But how affordable is the GT-R right now?

Introduced in 2007, the current-generation Nissan GT-R is a bit long in the tooth. Rumors about a new-generation model have been flying around for years already, but it seems Nissan isn’t yet willing to let the old GT-R go. So why is the Japanese firm still keeping a 13-year-old model in production? Well, Hiroshi Tamura, the GT-R’s chief product specialist, explains that the supercar is difficult to redesign and keep it relatively affordable at the same time.

Why Hasn’t Nissan Replaced the GT-R?

Nissan Won't Update the GT-R Because it Wants to Keep it "Affordable" Exclusive Renderings
- image 526632

Talking to the guys over at Cnet, Tamura confirmed what we already knew: that Nissan is considering electrifying the GT-R for the next generation. "I want to say why not everything? Like a hybrid? EV? Some other solutions? All of the functions, all of the directions, why not study for the future?" he responded.

However, Tamura stresses that any new technological development is very likely to increase the car’s pricing, and that’s one of the main issues that’s keeping Nissan from replacing the old model. Tamura also explains that the GT-R has remained affordable to its performance by not changing over the years. Specifically, although the R32, R33, and R34 models produced from the late 1980s to the early 2000s looked different, "the fundamental platform" on which they were built "didn’t change."

Nissan Won't Update the GT-R Because it Wants to Keep it "Affordable" Exclusive Renderings
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All told, Nissan’s strategy for those models was to create a solid, reliable platform and then refine it every few years in order to squeeze out better performance, improved aerodynamics, and increasingly modern styling. Needless to say, it’s a strategy that has paid off.

It seems Nissan did the same with the R35. Launched in 2007, the current GT-R was updated in 2011 and 2017. Meanwhile, Nissan introduced several limited-edition models, as well as new trims. The list includes SpecV, Nismo, Nismo N-Attack, and GT-R50.

Nissan GT-R Nismo vs Nissan GT-R
2020 Nissan GT-R Nismo 2020 Nissan GT-R
Engine 3.8-Liter V-6 3.8-Liter V-6
Transmission 6-Speed Automated Manual 6-Speed Automated Manual
Power Output 600 HP @ 6,800 RPM 565 @ 6,800 RPM
Torque 481 lb-ft @ 3,600 – 5,600 RPM 467 lb-ft @ 3,300 – 5,800 RPM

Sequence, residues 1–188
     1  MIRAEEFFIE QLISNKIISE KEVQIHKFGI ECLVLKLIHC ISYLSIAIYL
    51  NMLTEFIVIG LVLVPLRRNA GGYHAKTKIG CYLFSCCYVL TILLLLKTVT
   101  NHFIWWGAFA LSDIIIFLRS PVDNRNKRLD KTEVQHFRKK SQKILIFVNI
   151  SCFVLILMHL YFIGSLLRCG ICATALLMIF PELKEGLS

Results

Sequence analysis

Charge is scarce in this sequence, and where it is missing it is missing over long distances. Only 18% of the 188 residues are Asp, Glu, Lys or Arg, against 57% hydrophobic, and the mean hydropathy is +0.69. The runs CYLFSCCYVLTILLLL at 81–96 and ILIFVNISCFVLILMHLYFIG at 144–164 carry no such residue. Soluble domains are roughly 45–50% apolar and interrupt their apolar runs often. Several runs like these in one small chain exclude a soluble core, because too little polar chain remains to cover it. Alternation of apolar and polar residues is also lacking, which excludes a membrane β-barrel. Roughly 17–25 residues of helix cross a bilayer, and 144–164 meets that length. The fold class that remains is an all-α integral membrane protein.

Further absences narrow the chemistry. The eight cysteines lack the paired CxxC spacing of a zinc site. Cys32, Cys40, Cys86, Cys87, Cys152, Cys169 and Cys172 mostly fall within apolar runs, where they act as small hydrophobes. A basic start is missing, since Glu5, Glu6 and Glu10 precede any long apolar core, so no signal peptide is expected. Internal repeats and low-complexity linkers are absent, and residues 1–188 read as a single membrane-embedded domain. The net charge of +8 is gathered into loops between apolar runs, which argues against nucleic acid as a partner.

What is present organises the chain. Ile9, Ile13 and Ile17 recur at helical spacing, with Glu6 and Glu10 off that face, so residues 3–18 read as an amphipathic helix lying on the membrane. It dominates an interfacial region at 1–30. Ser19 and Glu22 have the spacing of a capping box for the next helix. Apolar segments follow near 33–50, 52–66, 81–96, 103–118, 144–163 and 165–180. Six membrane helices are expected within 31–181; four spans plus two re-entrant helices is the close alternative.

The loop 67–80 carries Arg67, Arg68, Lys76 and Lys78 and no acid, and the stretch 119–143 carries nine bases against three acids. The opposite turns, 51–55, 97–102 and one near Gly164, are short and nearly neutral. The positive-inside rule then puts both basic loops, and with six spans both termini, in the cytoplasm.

0-60 mph 2.5 Seconds 2.9 seconds
Top Speed 205 MPH 196 MPH
Weight 3,865 LBS 3,933 LBS

How affordable is the Nissan GT-R?

Nissan Won't Update the GT-R Because it Wants to Keep it "Affordable" Exterior
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The 2020 model comes in at $113,540 before options in the United States. That’s a notable increase over the 2007 model, which retailed for less than $100,000, but it’s still somewhat affordable given the car’s impressive performance. But it’s a tad more expensive than the Porsche 911, which starts from $97,400, and it’s only slightly more affordable than the cool 911 GTS, priced from $120,700.

The Nismo is significantly more expensive, fetching $210,740 before options. This sticker throws the GT-R in the same bracket as the new Porsche 911 Turbo, which starts from $203,500. And it’s here where the actual problem begins. The redesigned 911 Turbo is not only more powerful than the Nismo, but it’s also just as quick. It also benefits from a lot more brand heritage, so many enthusiasts might find it hard to buy a GT-R over a 911 at this price.

It’s probably a good time to roll out a brand-new GT-R with a hybrid drivetrain and notably more power. Even if it’s a bit more expensive than the old sports car. Of course, Nissan should avoid making the GT-R as expensive as the Ferrari F8 Tributo and McLaren 720S because it will lose many customers to these brands.

Source: Cnet

Ciprian Florea
Senior Editor and Supercar Expert - ciprian@topspeed.com
Ciprian's passion for everything with four wheels (and more) started back when he was just a little boy, and the Lamborghini Countach was still the coolest car poster you could hang on your wall. Ciprian's career as a journalist began long before earning a Bachelor's degree, but it was only after graduating that his love for cars became a profession.  Read More
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